Looking like a cross between a frog and a lizard, the gray cheek salamander has thin, smooth skin and no lungs.
Looking like a cross between a frog and a lizard, the gray cheek salamander has thin, smooth skin and no lungs. The amphibian breathes through its skin, and to survive it must keep its skin moist. As environmental conditions grow hotter or drier, scientists want to know whether and how these animals can acclimate.
Researchers from Clemson University’s College of Science have shown for the first time that these salamanders inhabiting the southern Appalachian Mountains use temperature rather than humidity as the best cue to anticipate changes in their environment. Significantly, the researchers observed that salamanders actually harness their unique ability to regenerate limbs to rapidly minimize the impact of hot temperatures.
The findings, which are described in the paper, “Thermal cues drive plasticity in desiccation resistance in montane salamanders with implications for climate change,” may have implications for other animals and even plants. The paper was published in Nature Communications on Sept. 9.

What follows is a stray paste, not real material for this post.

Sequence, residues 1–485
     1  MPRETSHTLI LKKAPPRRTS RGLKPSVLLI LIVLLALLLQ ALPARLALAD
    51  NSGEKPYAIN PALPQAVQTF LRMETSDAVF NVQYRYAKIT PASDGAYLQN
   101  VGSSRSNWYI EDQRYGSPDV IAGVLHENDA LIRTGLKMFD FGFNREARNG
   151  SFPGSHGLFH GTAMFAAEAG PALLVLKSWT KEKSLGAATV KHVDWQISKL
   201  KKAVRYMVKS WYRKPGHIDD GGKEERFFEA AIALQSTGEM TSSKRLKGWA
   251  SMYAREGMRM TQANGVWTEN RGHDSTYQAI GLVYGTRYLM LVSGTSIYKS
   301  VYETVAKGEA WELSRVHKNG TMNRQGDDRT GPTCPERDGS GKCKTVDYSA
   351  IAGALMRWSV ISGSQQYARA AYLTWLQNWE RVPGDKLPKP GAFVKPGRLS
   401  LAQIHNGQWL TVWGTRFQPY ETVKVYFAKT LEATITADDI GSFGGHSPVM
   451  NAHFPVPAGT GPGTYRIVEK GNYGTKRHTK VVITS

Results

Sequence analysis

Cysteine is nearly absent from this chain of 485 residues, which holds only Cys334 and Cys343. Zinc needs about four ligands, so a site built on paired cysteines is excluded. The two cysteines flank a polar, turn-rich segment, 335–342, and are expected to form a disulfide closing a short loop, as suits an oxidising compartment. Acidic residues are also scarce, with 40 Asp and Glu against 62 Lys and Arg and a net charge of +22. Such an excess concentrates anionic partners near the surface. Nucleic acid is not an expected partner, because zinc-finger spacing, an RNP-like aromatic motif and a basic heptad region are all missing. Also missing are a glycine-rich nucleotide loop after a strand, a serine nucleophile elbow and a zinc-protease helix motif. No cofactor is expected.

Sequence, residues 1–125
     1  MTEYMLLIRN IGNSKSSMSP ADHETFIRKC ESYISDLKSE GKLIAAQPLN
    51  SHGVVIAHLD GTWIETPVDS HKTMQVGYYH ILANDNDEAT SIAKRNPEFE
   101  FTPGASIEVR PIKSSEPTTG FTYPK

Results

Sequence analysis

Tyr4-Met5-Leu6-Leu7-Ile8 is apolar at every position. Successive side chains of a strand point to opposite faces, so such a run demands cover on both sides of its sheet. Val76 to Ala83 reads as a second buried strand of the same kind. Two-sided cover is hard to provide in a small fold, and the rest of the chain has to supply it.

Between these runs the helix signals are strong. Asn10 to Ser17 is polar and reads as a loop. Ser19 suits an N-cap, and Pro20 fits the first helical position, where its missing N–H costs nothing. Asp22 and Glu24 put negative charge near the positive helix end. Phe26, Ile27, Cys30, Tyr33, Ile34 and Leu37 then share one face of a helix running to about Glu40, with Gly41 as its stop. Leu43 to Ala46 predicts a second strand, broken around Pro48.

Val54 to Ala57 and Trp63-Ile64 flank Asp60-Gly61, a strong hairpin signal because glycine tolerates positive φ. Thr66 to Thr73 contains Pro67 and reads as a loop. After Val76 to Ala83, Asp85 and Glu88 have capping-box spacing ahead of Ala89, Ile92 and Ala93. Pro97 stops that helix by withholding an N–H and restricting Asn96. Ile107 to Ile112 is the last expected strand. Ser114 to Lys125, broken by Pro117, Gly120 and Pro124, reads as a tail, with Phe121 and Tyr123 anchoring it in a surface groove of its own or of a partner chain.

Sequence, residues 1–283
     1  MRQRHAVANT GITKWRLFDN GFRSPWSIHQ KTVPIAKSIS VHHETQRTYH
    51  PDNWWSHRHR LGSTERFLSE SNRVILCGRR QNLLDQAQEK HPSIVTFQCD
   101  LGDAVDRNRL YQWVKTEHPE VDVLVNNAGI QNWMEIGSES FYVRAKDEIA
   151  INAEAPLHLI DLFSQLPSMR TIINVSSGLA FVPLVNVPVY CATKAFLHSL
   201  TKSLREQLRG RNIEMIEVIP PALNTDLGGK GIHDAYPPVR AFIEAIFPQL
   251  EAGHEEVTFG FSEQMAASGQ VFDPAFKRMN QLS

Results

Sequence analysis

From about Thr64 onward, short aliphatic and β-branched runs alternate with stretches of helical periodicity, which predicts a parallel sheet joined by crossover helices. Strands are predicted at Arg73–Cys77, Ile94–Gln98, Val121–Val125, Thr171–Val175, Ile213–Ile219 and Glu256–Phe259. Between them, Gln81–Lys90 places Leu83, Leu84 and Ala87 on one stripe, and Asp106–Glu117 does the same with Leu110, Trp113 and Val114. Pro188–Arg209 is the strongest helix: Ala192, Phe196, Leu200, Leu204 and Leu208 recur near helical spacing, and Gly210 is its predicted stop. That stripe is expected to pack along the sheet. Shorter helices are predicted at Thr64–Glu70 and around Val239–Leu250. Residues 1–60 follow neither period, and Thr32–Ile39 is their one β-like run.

A major issue for these salamanders each day is the potentially fatal risk of drying out. Biological sciences associate professor Mike Sears and his research group have shown over the years that these animals tolerate dehydration by regulating their water loss through physiological changes. But the researchers didn’t fully understand how they did that until now.
Read more at Clemson University
Image: New research from Clemson University shows that the gray cheek salamander, which inhabits the Southern Appalachian Mountains, actually harnesses its unique ability to regenerate limbs to rapidly minimize the impact of hot temperatures. (Credit: Clemson Biological Sciences Department, courtesy of Mike Sears)